A newspaper for Jewish eliililren
Vol. IX, No. 1
Supplement to The Southern Israelite
September, 1986/Av-Elul, 5746
Save each New Year card and letter.
They'll make your Sukkah walls look better!
Just hang them up along each wall -
Use them all, both large and small!
(Ta-cha-root) - Contest!
Enter this High Holiday contest and win a copy of The Great
Jewish Quiz Book by Barbara Spector. First, work the rebus
below to find the true answer to this question (from The Great
Jewish Quiz Book):
According to Jewish tradition, what important event oc
curred in the year 1?
+ - B + - B =
Now, send in the completed form below. (You must be 6-12 years
old to enter.) The winning entry will be picked in a drawing of all
correct entries received. Deadline: October 10, 1986.
Clip and Mail
Answer to Rebus:
Mail to: NOAH’S ARK, Quiz Contest, 7726 Portal, Houston,
Why Is It 5747
And Not 1986?
Rosh Hashanah, the Jewish New Year, begins Friday night,
October 3, 1986. On that evening, the new year will become
5747! Where did we get that number? Why is the year 5747 instead
of 1986 on the Jewish calendar?
Actually, the Hebrew words “Rosh Hashanah” really mean
“head of the year”. On Rosh Hashanah, we are celebrating a birth
day - the birthday of the world! In the evening of October 3rd, we
*tfill celebrate the 5747th birthday of the world!
But scientists tell us the world is older than that! They say the
world is at least 4% billion years old! How did the Jewish people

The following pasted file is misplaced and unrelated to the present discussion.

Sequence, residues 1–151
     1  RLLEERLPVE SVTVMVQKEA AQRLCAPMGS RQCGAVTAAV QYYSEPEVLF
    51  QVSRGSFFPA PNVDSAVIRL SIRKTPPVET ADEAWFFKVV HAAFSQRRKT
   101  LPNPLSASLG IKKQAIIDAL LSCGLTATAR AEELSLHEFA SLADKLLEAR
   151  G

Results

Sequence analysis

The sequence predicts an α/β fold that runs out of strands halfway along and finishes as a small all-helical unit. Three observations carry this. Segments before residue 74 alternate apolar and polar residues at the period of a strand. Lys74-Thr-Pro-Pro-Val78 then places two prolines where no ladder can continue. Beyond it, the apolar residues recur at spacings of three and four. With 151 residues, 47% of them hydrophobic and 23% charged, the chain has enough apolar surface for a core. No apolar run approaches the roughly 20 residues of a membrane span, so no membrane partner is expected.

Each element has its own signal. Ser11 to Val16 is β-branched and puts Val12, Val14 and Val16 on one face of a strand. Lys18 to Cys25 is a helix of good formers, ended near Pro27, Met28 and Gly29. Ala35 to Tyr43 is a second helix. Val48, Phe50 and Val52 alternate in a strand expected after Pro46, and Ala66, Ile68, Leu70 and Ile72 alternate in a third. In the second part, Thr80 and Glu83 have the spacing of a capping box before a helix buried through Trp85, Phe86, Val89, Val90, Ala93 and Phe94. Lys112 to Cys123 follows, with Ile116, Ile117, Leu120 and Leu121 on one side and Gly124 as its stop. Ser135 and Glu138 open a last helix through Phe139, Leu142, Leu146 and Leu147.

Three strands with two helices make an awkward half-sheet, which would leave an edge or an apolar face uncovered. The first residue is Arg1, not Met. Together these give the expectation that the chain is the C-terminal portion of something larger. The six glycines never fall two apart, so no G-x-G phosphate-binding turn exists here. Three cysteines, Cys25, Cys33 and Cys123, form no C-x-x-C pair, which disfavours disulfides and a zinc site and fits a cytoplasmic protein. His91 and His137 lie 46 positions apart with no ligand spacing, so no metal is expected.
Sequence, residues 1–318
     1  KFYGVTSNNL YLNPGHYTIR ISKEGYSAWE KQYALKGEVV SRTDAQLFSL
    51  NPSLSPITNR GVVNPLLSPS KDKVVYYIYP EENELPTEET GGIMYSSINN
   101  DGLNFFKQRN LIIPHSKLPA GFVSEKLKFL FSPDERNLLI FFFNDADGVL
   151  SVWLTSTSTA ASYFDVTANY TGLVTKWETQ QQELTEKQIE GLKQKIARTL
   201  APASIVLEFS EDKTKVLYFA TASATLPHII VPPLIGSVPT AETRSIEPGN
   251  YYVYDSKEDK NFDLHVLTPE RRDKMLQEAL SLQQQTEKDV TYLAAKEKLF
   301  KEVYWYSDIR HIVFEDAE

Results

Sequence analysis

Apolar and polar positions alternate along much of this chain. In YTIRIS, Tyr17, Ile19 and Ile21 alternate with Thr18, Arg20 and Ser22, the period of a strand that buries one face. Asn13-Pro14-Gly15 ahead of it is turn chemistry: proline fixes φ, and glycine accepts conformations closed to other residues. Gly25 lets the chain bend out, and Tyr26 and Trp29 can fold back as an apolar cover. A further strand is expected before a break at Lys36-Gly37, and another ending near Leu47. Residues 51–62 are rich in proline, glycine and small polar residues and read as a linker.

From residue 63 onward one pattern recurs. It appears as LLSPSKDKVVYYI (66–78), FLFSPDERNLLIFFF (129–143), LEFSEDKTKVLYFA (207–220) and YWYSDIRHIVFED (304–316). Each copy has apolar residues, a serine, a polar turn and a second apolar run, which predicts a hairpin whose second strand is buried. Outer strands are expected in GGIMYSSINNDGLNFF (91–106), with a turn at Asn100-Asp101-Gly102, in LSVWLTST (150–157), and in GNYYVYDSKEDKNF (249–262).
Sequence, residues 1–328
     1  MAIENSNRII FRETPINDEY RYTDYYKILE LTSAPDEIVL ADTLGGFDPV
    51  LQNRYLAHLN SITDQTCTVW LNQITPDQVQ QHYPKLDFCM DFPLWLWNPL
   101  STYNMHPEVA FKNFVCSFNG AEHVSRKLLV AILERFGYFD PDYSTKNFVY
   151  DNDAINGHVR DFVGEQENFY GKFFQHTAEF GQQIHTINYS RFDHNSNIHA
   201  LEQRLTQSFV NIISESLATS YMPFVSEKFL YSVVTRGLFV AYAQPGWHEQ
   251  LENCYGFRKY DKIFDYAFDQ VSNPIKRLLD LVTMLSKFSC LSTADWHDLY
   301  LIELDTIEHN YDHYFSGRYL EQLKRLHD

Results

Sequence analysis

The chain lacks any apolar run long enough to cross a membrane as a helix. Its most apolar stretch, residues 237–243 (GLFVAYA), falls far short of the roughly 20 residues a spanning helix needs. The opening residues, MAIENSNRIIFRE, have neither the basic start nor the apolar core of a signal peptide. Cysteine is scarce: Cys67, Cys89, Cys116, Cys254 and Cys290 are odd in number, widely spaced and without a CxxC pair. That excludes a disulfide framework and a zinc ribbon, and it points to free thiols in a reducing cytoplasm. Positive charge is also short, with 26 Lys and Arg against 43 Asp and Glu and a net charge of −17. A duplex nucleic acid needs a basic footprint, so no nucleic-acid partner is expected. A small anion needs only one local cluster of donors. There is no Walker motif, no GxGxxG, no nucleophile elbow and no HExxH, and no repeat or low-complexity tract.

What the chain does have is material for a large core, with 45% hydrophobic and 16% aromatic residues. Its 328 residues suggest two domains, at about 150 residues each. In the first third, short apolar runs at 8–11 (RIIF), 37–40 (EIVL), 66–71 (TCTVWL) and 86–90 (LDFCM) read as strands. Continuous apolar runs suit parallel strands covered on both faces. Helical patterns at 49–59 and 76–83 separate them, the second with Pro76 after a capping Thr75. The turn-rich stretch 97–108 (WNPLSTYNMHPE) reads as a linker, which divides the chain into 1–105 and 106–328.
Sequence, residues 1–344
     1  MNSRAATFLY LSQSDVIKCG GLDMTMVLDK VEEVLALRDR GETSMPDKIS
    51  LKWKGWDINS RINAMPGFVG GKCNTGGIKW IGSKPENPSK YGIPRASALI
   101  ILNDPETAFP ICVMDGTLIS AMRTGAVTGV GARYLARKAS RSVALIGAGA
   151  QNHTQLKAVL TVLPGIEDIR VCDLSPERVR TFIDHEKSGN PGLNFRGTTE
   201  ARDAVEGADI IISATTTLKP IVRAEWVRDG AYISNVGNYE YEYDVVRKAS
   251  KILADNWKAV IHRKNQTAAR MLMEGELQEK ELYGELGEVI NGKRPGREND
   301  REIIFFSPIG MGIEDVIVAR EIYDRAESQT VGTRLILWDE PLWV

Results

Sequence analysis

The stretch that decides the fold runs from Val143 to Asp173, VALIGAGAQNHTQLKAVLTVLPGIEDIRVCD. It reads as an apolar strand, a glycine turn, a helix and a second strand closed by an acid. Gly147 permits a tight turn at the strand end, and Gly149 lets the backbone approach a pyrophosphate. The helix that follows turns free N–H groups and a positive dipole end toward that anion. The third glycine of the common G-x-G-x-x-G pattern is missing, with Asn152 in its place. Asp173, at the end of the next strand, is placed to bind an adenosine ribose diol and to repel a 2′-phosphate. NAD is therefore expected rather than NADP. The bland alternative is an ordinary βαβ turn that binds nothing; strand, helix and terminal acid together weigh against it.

get the number 5747?
For hundreds of years, Jews used to count the years beginning
with the exodus from Egypt. In other words, the first year after
leaving Egypt was the year one. After the Holy Temple in Jeru
salem was destroyed, the Rabbis decided to use the creation of
the world as year number one.
But how did they figure out when the world began? The Rabbis
studied all of the information they had, especially the Bible. They
counted all of the periods of time mentioned in the Bible, such as
the ages of Noah and Abraham, and the seven days of creation. They
counted the days and years as we do today. For example,
they counted a day as 24 hours, just as we do now.
Of course, the Rabbis knew that the time mentioned in the
Bible was not the same as it is today. But they added up the number
of years anyway, knowing that the numbers were not exact. The
total number of years was meant to be a symbol, just a way to help
The number of years we celebrate is not important. The im
portant part is that on Rosh Hashanah we remember to celebrate the
birthday of the world!
(Primary source: To Be A Jew by Rabbi Hayim Halevy Donin; Basic Books, Inc.
Publishers; Copyright, 1972.)
PAGE 1NA THE SOUTHERN ISRAELITE October 3, 1986